CONTENTS Introduction: How to use these Notes The poems: 1 2 3 4 5 6 7 8 9 10 11 12 13 Sujata Bhatt, A Different History Gerard Manley Hopkins, Pied Beauty Allen Curnow, Continuum Edwin Muir, Horses Judith Wright, Hunting Snake Ted Hughes, Pike Christina Rossetti, A Birthday Dante Gabriel Rossetti, The Woodspurge Kevin Halligan, The Cockroach Margaret Atwood, The City Planners Boey Kim Cheng, The Planners Norman MacCaig, Summer Farm Elizabeth Brewster, Where I Come From 1
William Wordsworth, Sonnet: Composed Upon Westminster Bridge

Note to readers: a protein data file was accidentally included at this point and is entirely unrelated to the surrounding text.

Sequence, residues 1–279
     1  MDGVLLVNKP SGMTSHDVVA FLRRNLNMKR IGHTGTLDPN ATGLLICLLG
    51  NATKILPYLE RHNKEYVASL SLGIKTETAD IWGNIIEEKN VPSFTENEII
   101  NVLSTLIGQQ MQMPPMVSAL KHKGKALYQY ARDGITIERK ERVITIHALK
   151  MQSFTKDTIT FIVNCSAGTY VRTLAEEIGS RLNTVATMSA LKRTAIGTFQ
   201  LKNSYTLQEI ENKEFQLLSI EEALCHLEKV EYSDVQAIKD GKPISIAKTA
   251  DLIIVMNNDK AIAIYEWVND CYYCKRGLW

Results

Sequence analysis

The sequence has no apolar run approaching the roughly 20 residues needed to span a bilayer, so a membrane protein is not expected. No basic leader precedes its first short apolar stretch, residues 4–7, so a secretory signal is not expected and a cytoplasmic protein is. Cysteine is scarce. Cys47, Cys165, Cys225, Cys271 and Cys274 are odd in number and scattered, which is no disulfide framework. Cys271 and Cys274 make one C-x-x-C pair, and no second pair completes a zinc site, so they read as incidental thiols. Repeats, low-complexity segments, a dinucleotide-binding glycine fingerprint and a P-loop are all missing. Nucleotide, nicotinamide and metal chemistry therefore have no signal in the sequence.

INTRODUCTION: How to use these Notes There are three key principles on which the format of these support materials is based: 1. The first is the fundamental assumption that no such materials can replace the teacher. It is the teacher’s task to introduce the poem to the students and help them to form their own personal responses to what they read. Examiners can easily differentiate between students who have genuinely responded to literature for themselves and those who have merely parroted dictated or packaged notes. Teachers, establishing their dialogues in the classroom, need to encourage and trust students to arrive at their own points of view, insisting only that these shall based firmly on what is being studied. This of course immediately rules out any thought of notes of ‘prepared’ answers to be memorised. 2. The notes take for granted that each poem is unique and must be treated in a unique fashion. Examiners sometimes find that students seem to have been trained to follow strict agendas when dealing with poems, such as dealing first with imagery, then sentence structure, then prosody and so on, whatever the poem and whatever the question. Approaches such as this are almost always simplistic and superficial. By contrast, we wish to encourage students to identify what is special about a poem, what impact it makes on them, and work outwards from that perception. They shouldn’t think of ‘content’ and ‘style’ as discrete areas to be ticked off a list; but instead should be encouraged to think of them together. So in these Notes students are constantly being enjoined to look simultaneously not only at what is said, but how it is said. 3. Each poem is considered to have a universal appeal, and the Notes try only to introduce extraneous knowledge insofar as it might help students to appreciate the poem. Biographical references are mentioned but deliberately downplayed to prevent this interfering with the direct communication between the poet and the twenty-first century reader in whatever part of the world s/he happens to be. With this in mind, the notes on each poem – which are addressed to the teacher – are divided into four sections: Background aims at putting the poem briefly into some sort of context. This can be embroidered as much or as little as the teacher sees fit. It is most important, however, that it should be dealt with quite quickly. Precious time should rather be spent on the poem itself. Teachers should remember that knowledge of historical/biographical context is not a formal Assessment Objective in this syllabus; students are not expected to show knowledge of it in the exam (not least as there is always the risk of their wasting valuable time in regurgitating second-hand details – for which they will gain no credit). Teacher notes to assist a first reading aims at clarifying some areas of potential difficulty/obscurity and add to (rather than simply repeat) the glosses accompanying the poem in the anthology. Student exercises to assist a closer reading of the poem as a whole is the most important section. It gives some suggestions to teachers for ways to get students to work individually or in pairs/groups on aspects of the poem which they can then discuss together. In the spirit of the syllabus, its aim is always to encourage students to deepen their own response to what they read. So, much of this section is in the form of questions. These might be used in...
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